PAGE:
Rousey joins UFC as champion

Watch highlights from Ronda Rousey's win over Sarah Kaufman.
Watch highlights from Ronda Rousey's win over Sarah Kaufman.
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Reid Forgrave

Reid Forgrave has worked for the Des Moines Register, the Cincinnati Enquirer and the Seattle Times. His work has been recognized by Associated Press Sports Editors, the Livingston Awards for Young Journalists and the Society for Features Journalism. Follow him on Twitter.



Another step forward in women’s equality came in the most unlikely of places on Thursday: At a news conference for this weekend’s UFC on FOX fight, among a group of tough dudes competing for the title of baddest men on the planet, from the lips of UFC president Dana White.

At the end of a news conference for the Benson Henderson vs. Nate Diaz title fight as well as the three other fights on the FOX card, White pulled out a bejeweled UFC belt and turned toward a black curtain: “Bring the champ out here,” he said.

Out stepped Ronda Rousey, a 2008 Olympic bronze medalist in judo, the biggest name in the burgeoning sport women’s mixed martial arts, and now, with White’s coronation, the first women’s champion in UFC history.

“I don’t feel it’s really mine until I win it,” Rousey said of the title belt draped over her shoulder.

It’s true: She hasn’t won a single fight in the UFC’s newly created 135-pound bantamweight women’s division. That’s because there’s never before been any women’s UFC fights. White announced the first UFC women’s fight will be on Feb. 23, 2013, when Rousey, who is undefeated in her professional mixed martial arts career in other promotions – she’s won each fight in the first round, each by her famed arm bar submission – will defend her belt against Liz Carmouche, a former US Marine who has done three tours of duty in the Middle East. Impressively, it’ll be the main event on what White promises will be a stacked card. And just as impressively, White announced that Rousey’s UFC contract is for eight fights, demonstrating a powerful commitment to this new women’s division.

No, it’s not necessarily the fight UFC fans would want to kick off the women’s division. The top fighter mentioned as a possible Rousey opponent has been the Brazilian fighter Cristiane “Cyborg” Santos, who hasn’t fought since she tested positive for steroids after a fight last year. Sara McMann, Miesha Tate and Sarah Kaufman – the latter two who Rousey has beaten in Strikeforce bouts – have all generated interest. But White said he offered a Rousey fight to plenty of other women fighters, and all of them except Carmouche turned it down. (“Since I’ve started it’s been like that,” Rousey said of people turning down fights with her.)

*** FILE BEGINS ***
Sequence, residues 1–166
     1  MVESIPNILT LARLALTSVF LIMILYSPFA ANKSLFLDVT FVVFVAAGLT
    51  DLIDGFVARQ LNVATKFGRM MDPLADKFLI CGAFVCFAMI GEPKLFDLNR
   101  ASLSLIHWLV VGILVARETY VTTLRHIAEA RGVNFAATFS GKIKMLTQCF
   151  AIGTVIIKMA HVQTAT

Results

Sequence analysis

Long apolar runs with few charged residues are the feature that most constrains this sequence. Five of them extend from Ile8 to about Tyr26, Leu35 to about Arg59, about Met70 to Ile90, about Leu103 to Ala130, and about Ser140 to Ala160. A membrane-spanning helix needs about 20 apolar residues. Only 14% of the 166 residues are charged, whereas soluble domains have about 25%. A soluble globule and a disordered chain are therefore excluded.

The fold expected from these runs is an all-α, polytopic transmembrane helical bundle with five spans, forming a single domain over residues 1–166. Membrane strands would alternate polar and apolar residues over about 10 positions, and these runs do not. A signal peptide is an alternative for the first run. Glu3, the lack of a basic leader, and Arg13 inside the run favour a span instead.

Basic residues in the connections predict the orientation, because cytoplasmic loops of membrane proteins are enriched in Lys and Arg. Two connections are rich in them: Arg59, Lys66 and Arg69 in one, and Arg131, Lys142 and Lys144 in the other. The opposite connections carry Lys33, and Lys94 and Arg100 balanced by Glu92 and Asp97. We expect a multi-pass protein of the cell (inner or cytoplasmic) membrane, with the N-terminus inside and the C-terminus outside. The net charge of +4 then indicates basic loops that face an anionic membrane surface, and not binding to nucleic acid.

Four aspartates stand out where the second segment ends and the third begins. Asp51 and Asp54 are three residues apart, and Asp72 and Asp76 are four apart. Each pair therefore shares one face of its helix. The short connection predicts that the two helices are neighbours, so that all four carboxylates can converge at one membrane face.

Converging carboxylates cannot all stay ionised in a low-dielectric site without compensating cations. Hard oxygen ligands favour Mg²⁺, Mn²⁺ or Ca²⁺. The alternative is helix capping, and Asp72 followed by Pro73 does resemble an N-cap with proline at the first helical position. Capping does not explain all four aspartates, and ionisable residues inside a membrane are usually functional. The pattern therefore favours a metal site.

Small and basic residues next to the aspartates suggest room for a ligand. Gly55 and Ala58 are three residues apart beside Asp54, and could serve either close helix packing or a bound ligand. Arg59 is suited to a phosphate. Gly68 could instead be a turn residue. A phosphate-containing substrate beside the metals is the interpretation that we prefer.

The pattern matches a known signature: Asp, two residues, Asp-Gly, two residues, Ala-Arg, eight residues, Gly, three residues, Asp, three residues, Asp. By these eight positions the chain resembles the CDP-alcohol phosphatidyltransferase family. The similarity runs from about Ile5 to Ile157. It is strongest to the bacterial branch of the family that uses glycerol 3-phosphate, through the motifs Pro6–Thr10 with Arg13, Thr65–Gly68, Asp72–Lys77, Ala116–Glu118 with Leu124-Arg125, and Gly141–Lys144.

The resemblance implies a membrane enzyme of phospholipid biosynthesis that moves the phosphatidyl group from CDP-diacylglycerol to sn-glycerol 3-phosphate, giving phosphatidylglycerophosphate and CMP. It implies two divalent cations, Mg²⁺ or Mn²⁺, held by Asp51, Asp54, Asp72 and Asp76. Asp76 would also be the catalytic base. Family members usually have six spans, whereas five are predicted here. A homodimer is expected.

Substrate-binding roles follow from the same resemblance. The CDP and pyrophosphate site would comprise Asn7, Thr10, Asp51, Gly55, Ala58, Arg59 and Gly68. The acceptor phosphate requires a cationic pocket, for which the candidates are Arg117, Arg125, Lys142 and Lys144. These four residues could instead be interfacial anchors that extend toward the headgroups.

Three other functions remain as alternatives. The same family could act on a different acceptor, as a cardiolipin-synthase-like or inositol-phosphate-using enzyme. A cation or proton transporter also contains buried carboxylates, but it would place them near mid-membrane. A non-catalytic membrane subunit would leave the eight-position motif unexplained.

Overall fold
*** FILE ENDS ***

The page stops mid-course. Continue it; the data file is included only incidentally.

On Thursday, Rousey said she was pumped to fight Carmouche.

“I respect Liz a lot,” she said. “She’s an amazing fighter. And especially her taking this fight, it’s awesome. I told her, ‘After I beat your a**, I’m gonna take you and your girlfriend surfing.’”

It was that signature Rousey attitude – more than making some activist statement about women fighters being equal to men, more than making big news with a groundbreaking women’s fight, more than Rousey’s striking, modelesque good looks – that White said was the reason he’s creating a women’s division in the UFC.

“The reason that we have women’s MMA right now is because of her,” White said. “Everybody’s thinking it’s because she’s attractive, and she’s this and that. That’s all great. But do you hear the way this girl talks? She is a Diaz brother inside. She’s like, ‘After I beat her a**, I’d like to take her out surfing.’ She’s the real deal. She’s a fighter. She likes to finish people.”

“I hadn’t shifted one inch (on the UFC’s prior reluctance to start a women’s division) until I saw her,” White continued. “She’s mean. She’s nasty. She’s a fighter . . . She’s like Chuck Liddell. That’s what she reminds me of. She just wants to fight and fight and fight.”

Thursday’s announcement was a big step toward a major rebranding of the UFC, traditionally seen as a testosterone-fueled, male-dominated haven of bloodlust. That’s not to say Rousey will be treated exactly as her male counterparts. Reporters asked her if she has a boyfriend, a subject never broached with male fighters. (She doesn’t. “I’m really hard to date,” she said.) They asked about her recent comments to Jim Rome about having more sex leading up to a fight. They asked whether she’d ever date a fellow UFC fighter. (“I don’t want to dip in the company ink too much,” she said.)

And they asked about whether she’d be concerned about Cyborg’s past steroid use if the UFC scheduled a fight between the two.

“I don’t care if she’s sticking horse semen in her eyeballs,” Rousey said. “As long as she weighs 135, I’m cool.”

You could see what White was talking about. Rousey is witty and foul-mouthed and blunt and honest, a media darling, the singular presence the UFC needed to start a women’s division.

“This is a dream come true, it really is,” a beaming Rousey said. “I expected to be winning the UFC belt in main events a long time ago. This is probably a lot faster than would have been reasonably expected. But I don’t expect reasonable things too often.”

That’s good. Because people who do big, impressive, history-making things in their lives never do.

Follow Reid Forgrave on Twitter @ReidForgrave or email him at ReidForgrave@gmail.com

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